Women's parties have the potential to disrupt androcentric images of politics through the promotion of women candidates and women legislators. Challenging gendered perceptions surrounding the role of a politician, women's parties have an important role to play in demonstrating that women also “do politics.”3 Women forming their own party sends a message to other women that politics is not just an activity for men, and that, in turn, has the potential to encourage other women to run for office. It also places pressure on mainstream parties to position women more visibly in their campaigns, run female candidates, and run them in winnable seats. For example, according to news coverage at the time, the Northern Ireland Women's Coalition (NIWC) “sent the other parties scrambling for women within their ranks to push in front of the cameras” (Haughey 1997). As Cowell-Meyers (2011, 14) demonstrates, the emergence of the NIWC contributed to increases in the number of and seriousness of female candidates in local and parliamentary elections. As Shin explains in this issue, the Japanese Netto uses a reconceptualization of politics to recruit women in local communities; adopting a rotation rule and term limits for the delegates, the party engages women who would normally think of themselves as far from “professional politics,” putting forward, in contrast, an “amateur politics” and altering the boundaries of the political.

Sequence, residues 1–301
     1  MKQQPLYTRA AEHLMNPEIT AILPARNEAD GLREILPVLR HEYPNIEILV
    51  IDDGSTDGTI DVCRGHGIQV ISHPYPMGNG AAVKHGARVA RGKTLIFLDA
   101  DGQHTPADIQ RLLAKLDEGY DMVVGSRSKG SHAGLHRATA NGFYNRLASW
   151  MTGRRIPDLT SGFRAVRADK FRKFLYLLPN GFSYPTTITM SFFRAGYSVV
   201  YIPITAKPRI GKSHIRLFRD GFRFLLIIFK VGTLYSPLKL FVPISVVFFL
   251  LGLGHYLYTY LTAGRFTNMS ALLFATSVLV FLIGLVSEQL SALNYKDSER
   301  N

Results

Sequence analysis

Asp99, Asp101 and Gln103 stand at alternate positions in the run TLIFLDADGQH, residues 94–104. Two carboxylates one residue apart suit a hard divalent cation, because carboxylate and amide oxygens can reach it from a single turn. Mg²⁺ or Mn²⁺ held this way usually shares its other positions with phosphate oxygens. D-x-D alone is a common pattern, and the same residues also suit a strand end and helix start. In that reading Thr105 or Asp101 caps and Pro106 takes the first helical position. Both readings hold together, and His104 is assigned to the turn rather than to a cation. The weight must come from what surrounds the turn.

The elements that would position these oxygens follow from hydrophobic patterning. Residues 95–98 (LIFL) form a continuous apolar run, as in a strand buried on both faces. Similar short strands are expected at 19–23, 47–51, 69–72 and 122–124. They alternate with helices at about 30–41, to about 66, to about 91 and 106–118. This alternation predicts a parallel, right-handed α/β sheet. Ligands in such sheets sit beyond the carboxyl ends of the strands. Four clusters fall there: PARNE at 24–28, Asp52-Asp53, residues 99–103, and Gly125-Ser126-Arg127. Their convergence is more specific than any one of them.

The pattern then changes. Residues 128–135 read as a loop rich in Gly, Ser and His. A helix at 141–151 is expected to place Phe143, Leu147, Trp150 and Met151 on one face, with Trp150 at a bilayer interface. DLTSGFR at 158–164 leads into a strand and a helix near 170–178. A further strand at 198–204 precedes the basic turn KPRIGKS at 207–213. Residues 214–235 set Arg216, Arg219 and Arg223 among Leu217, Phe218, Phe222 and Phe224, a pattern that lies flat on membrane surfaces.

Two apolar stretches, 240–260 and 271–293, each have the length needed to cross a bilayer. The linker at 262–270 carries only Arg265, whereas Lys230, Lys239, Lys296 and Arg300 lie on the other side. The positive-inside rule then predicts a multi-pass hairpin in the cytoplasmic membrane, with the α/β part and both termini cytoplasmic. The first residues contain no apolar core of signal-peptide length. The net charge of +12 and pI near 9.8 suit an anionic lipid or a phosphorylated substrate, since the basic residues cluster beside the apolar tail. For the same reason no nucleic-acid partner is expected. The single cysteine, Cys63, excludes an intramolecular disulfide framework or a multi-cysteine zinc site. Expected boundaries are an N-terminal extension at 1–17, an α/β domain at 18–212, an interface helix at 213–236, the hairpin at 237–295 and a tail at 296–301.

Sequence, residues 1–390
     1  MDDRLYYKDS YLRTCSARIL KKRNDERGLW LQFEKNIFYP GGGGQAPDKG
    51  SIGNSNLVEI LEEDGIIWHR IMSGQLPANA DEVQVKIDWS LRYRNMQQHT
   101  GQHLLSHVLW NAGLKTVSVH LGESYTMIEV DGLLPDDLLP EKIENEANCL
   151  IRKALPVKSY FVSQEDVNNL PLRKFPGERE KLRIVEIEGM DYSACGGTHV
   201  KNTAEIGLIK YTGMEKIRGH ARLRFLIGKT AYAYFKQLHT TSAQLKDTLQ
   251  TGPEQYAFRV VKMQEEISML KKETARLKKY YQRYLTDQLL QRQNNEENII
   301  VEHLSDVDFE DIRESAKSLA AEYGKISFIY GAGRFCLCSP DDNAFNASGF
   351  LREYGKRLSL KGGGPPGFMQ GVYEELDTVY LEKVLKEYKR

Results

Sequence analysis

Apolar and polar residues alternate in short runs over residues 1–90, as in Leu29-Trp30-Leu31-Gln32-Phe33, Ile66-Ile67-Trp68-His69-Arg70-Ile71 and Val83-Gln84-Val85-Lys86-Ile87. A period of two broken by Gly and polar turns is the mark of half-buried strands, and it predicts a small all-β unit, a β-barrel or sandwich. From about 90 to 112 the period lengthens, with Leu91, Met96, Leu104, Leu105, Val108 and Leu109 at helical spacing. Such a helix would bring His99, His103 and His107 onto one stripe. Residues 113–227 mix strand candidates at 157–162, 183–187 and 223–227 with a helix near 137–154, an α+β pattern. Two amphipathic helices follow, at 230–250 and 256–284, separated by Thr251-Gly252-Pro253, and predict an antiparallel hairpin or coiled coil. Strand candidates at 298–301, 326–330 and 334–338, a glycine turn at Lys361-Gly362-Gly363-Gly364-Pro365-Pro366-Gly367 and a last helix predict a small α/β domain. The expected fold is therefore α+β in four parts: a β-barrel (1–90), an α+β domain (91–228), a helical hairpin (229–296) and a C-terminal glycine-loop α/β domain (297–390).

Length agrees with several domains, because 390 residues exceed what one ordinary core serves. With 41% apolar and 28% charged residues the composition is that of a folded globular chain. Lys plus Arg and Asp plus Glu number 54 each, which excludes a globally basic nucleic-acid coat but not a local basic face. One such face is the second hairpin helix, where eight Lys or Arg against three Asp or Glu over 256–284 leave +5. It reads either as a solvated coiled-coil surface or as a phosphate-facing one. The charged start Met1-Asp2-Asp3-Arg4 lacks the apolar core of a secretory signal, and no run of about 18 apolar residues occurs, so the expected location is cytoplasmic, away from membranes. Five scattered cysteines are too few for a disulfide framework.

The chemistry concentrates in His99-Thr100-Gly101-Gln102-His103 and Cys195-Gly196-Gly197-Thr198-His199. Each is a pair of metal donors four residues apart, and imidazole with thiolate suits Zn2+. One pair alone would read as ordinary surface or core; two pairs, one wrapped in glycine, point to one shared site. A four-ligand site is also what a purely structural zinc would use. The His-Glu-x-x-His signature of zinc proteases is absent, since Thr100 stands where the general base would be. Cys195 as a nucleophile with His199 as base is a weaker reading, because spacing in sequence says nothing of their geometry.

In addition to encouraging other women to run for office, women's parties can also perform an educative function by introducing women to politics and to political activism. In contexts in which politics is explicitly coded as a male activity, levels of political knowledge among women might be expected to be lower, given that they are either formally or informally excluded from the political process. Women's parties can provide an introduction to politics, especially to women with lower levels of educational attainment or with little knowledge or experience of the political process. For instance, women were more likely than men to vote for the Women for Russia Party, which was particularly attractive to younger, less educated women (Ishiyama 2003). Some women's parties also have explicit agendas to rethink the boundaries of the political and engage women in the political process through nontraditional pathways. Kwenna Frambothid in Iceland, for example, used theater, visual arts, economic exchange, and its public services around rape and domestic violence to engage women in their network (see Alla Kristin Einarsdottir's 2015 documentary The Kitchen Sink Revolution). The Netto also used the unusual pathway of collective bargaining around environmentally friendly household products to link women to formal politics.